We mentioned above the use of machine learning approaches (including random forest and lasso regression) to identify markers of RBC storage quality and transfusion performance in healthy autologous volunteers and trauma patients [67, 68, 117, 124]. More recently, machine learning approaches have been coupled to high-content screening that leverages microfluidic devices and microscopy in the presence or absence of flow to determine the impact of a given treatment (storage or even SARS-CoV-2 infection) on RBC morphology in unperturbed or perturbed systems [5, 113]. Indeed, RBC morphology is altered as a function of damage to energy and redox metabolism, which ultimately results in vesiculation of oxidized components [64], loss of the discocytic phenotype and acquisition of progressively irreversibly altered morphologies (spheroechinocyte, spherocyte [160]), increased surface-to-volume ratios, increased mechanical fragility, and ultimately, sequestration in the spleen that triggers extravascular hemolysis [36, 161], and erythrophagocytosis [162]. Of note, a combination of RBC membrane protein and lipid composition as a function of storage can be fed into novel in silico models of the erythrocyte membrane, which can be used to predict membrane rigidity and deformability in fresh and stored RBCs, and predict actual direct biophysical measurements of RBC mechanics [163, 164]. Feeding of quantitative and functional metabolomics (e.g., tracing experiments) and proteomics data to computational models of RBC metabolic pathways has fueled recent progress in the field of systems biology of the RBC [27, 28, 165, 166], which can be used to drive the development of novel storage solutions [167] or simply investigate RBC aging in the bloodstream in vivo [168].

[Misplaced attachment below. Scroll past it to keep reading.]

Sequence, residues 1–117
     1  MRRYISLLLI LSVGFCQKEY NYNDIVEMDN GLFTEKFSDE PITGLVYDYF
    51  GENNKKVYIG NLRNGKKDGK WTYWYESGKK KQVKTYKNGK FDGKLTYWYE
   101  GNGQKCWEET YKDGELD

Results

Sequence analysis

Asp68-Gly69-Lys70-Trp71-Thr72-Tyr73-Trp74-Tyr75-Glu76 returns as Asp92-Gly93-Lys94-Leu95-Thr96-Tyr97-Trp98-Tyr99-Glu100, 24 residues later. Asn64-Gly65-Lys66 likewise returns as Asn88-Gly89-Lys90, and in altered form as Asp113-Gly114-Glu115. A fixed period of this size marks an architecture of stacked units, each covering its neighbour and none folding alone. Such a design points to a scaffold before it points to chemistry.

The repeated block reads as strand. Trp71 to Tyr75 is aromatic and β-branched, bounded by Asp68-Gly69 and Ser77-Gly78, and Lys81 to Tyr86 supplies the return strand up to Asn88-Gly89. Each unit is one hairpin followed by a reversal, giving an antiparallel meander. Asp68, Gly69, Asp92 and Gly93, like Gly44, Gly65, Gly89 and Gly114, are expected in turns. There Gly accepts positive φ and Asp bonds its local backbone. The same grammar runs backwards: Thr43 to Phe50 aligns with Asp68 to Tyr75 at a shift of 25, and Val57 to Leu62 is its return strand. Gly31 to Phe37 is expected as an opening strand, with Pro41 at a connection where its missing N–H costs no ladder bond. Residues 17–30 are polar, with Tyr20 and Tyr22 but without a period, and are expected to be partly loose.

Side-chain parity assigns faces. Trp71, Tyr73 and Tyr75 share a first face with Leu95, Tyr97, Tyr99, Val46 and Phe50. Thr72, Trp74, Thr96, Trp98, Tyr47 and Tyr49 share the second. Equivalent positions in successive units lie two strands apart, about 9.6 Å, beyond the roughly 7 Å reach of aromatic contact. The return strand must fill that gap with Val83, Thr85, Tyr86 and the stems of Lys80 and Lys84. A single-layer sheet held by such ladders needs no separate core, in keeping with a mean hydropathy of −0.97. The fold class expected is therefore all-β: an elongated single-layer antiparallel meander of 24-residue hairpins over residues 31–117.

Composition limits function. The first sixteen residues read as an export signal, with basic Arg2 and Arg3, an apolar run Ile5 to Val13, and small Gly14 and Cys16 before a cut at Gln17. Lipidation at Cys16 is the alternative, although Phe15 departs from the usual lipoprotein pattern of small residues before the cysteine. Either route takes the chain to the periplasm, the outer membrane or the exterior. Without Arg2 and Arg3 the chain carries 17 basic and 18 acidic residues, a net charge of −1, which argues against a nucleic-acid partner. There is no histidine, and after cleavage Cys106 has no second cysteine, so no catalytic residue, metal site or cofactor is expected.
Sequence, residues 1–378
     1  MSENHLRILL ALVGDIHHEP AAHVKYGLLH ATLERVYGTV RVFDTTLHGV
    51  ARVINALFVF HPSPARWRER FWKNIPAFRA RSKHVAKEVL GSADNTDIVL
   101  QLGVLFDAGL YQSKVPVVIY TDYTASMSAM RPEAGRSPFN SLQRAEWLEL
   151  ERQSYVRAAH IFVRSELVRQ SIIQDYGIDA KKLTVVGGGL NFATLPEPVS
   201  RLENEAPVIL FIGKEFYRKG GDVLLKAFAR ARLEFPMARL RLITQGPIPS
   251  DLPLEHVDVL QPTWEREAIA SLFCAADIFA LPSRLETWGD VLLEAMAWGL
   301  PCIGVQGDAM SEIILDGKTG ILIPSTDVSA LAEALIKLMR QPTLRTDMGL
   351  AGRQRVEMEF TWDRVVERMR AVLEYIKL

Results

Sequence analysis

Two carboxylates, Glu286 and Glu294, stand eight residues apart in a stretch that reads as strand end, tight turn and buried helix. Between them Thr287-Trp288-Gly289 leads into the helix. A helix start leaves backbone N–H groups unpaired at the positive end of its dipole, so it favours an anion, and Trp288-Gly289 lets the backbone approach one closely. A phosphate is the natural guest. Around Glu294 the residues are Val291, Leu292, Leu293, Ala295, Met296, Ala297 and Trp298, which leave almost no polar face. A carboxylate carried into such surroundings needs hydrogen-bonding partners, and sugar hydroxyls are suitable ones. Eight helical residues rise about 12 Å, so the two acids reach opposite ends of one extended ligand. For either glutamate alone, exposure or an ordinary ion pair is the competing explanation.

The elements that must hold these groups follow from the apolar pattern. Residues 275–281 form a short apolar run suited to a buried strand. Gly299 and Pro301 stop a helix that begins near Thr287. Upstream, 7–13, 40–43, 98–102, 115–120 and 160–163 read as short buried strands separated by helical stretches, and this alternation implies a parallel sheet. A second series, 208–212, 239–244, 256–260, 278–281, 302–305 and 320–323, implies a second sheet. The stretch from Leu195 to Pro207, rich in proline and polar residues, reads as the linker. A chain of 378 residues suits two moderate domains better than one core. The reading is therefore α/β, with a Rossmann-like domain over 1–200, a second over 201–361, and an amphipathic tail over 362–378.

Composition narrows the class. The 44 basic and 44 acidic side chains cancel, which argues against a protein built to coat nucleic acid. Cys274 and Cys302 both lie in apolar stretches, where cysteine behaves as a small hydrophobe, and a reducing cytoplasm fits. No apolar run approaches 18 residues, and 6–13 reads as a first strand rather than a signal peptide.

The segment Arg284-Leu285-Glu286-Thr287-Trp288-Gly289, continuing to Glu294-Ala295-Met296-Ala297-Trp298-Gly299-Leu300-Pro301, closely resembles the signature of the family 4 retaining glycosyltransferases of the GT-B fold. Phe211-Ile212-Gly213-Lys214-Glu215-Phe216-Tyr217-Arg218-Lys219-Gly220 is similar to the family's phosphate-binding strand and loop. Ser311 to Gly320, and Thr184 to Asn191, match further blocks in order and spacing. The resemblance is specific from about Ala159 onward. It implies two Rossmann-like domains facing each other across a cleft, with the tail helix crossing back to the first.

Application of machine learning and artificial intelligence approaches in healthcare will face key challenges, as reviewed extensively elsewhere [169]. One limitation of most existing studies in this space to date has been that benchmarking of machine learning algorithms has mostly been performed on retrospective data from large, already available databases. Performance of these models is likely to suffer when tested against real-world data from prospective studies as opposed to historically labeled data used for algorithm training. Another challenge that this field will encounter is based on the appreciation that machine learning algorithms will use input signals to achieve the best possible (prediction) performance in the dataset used; algorithms may thus end up exploiting signals from unknown confounders that may not be reliable, impairing the algorithm’s ability to generalize to new datasets [169]. Depending on training sets, algorithms may develop implicit bias, which would limit their fitness for generalization and the accuracy of clinical predictions. The development of robust regulation and a rigorous quality control strategy will be a challenge facing this new, yet promising field.